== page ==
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- The King of the Dark Chamber - 1/15 -
The King of the Dark Chamber
By Rabindranath Tagore
[Translated from Bengali to English by Kshitish Chandra Sen]
[New York: The Macmillan Company, 1914; Copyright, 1914, by Drama League of America, by The Macmillan Company]
[A street. A few wayfarers, and a CITY GUARD]
FIRST MAN. Ho, Sir!
CITY GUARD. What do you want?
SECOND MAN. Which way should we go? We are strangers here. Please tell us which street we should take.
CITY GUARD. Where do you want to go?
THIRD MAN. To where those big festivities are going to be held, you know. Which way do we go?
CITY GUARD. One street is quite as good as another here. Any street will lead you there. Go straight ahead, and you cannot miss the place. [Exit.]
FIRST MAN. Just hear what the fool says: "Any street will lead you there!" Where, then, would be the sense of having so many streets?
SECOND MAN. You needn't be so awfully put out at that, my man. A country is free to arrange its affairs in its own way. As for roads in our country--well, they are as good as non-existent; narrow and crooked lanes, a labyrinth of ruts and tracks. Our King does not believe in open thoroughfares; he thinks that streets are just so many openings for his subjects to fly away from his kingdom. It is quite the contrary here; nobody stands in your way, nobody objects to your going elsewhere if you like to; and yet the people are far from deserting this kingdom. With such streets our country would certainly have been depopulated in no time.
FIRST MAN. My dear Janardan, I have always noticed that this is a great fault in your character.
JANARDAN. What is?
FIRST MAN. That you are always having a fling at your country. How can you think that open highways may be good for a country? Look here, Kaundilya; here is a man who actually believes that open highways are the salvation of a country.
KAUNDILYA. There is no need, Bhavadatta, of my pointing out afresh that Janardan is blessed with an intelligence which is remarkably crooked, which is sure to land him in danger some day. If the King comes to hear of our worthy friend, he will make it a pretty hard job for him to find any one to do him his funeral rites when he is dead.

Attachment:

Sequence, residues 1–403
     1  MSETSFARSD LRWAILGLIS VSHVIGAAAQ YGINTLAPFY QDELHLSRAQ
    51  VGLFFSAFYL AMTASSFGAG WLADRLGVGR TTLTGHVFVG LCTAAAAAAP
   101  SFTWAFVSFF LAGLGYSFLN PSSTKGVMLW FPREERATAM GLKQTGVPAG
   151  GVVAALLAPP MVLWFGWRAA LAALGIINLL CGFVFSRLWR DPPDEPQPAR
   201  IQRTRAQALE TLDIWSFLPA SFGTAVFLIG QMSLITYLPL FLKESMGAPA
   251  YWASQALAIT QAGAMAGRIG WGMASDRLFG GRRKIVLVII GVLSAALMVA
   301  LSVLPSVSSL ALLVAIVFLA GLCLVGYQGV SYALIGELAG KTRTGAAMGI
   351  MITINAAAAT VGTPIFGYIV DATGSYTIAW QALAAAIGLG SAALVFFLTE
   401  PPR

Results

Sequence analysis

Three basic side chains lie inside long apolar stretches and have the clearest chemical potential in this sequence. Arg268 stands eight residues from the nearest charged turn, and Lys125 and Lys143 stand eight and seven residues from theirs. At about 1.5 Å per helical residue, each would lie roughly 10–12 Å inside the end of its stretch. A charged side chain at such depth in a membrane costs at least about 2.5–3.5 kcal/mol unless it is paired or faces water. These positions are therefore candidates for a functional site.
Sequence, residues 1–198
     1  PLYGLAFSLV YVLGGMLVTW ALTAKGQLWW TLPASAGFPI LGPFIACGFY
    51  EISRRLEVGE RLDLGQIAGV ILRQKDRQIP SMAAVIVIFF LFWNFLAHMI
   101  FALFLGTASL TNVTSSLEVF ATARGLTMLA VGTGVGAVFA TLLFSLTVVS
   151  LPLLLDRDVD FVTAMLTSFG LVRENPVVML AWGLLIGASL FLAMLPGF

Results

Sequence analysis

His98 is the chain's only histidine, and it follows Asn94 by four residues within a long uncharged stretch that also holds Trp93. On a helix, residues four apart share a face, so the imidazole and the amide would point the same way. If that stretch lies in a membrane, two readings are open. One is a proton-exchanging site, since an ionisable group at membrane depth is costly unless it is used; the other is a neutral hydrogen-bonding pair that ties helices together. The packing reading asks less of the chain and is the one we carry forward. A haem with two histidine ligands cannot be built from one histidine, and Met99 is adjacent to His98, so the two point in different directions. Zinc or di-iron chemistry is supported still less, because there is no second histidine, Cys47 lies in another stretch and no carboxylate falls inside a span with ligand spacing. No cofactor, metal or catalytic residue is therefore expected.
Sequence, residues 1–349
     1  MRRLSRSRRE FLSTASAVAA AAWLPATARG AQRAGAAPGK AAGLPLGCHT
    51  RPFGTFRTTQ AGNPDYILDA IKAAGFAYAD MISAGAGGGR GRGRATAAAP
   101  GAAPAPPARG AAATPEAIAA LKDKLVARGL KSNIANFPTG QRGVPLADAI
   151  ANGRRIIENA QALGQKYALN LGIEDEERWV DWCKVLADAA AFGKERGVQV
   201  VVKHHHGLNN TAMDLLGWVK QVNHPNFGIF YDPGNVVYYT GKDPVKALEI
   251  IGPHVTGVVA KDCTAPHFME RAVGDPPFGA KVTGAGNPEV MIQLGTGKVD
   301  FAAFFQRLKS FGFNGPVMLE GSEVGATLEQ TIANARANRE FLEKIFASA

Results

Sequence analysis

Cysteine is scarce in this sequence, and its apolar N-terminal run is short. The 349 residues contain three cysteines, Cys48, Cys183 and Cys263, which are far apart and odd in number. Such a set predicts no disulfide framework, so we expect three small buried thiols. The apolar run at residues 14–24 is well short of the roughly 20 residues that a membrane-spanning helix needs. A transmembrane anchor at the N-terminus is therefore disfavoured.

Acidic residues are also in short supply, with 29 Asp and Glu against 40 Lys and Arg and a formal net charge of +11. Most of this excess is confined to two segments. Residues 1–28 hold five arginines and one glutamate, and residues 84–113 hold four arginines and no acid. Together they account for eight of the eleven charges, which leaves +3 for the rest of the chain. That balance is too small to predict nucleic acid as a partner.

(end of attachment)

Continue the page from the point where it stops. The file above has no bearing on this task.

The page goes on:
BHAVADATTA. One can't help feeling that life becomes a burden in this country; one misses the joys of privacy in these streets-- this jostling and brushing shoulders with strange people day and night makes one long for a bath. And nobody can tell exactly what kind of people you are meeting with in these public roads-- ugh!
KAUNDILYA. And it is Janardan who persuaded us to come to this precious country! We never had any second person like him in our family. You knew my father, of course; he was a great man, a pious man if ever there was one. He spent his whole life within a circle of a radius of 49 cubits drawn with a rigid adherence to the injunctions of the scriptures, and never for a single day did he cross this circle. After his death a serious difficulty arose--how cremate him within the limits of the 49 cubits and yet outside the house? At length the priests decided that though we could not go beyond the scriptural number, the only way out of the difficulty was to reverse the figure and make it 94 cubits; only thus could we cremate him outside the house without violating the sacred books. My word, that was strict observance! Ours is indeed no common country.
BHAVADATTA. And yet, though Janardan comes from the very same soil, he thinks it wise to declare that open highways are best for a country.
[Enter GRANDFATHER with a band of boys]
GRANDFATHER. Boys, we will have to vie with the wild breeze of the south to-day--and we are not going to be beaten. We will sing till we have flooded all streets with our mirth and song.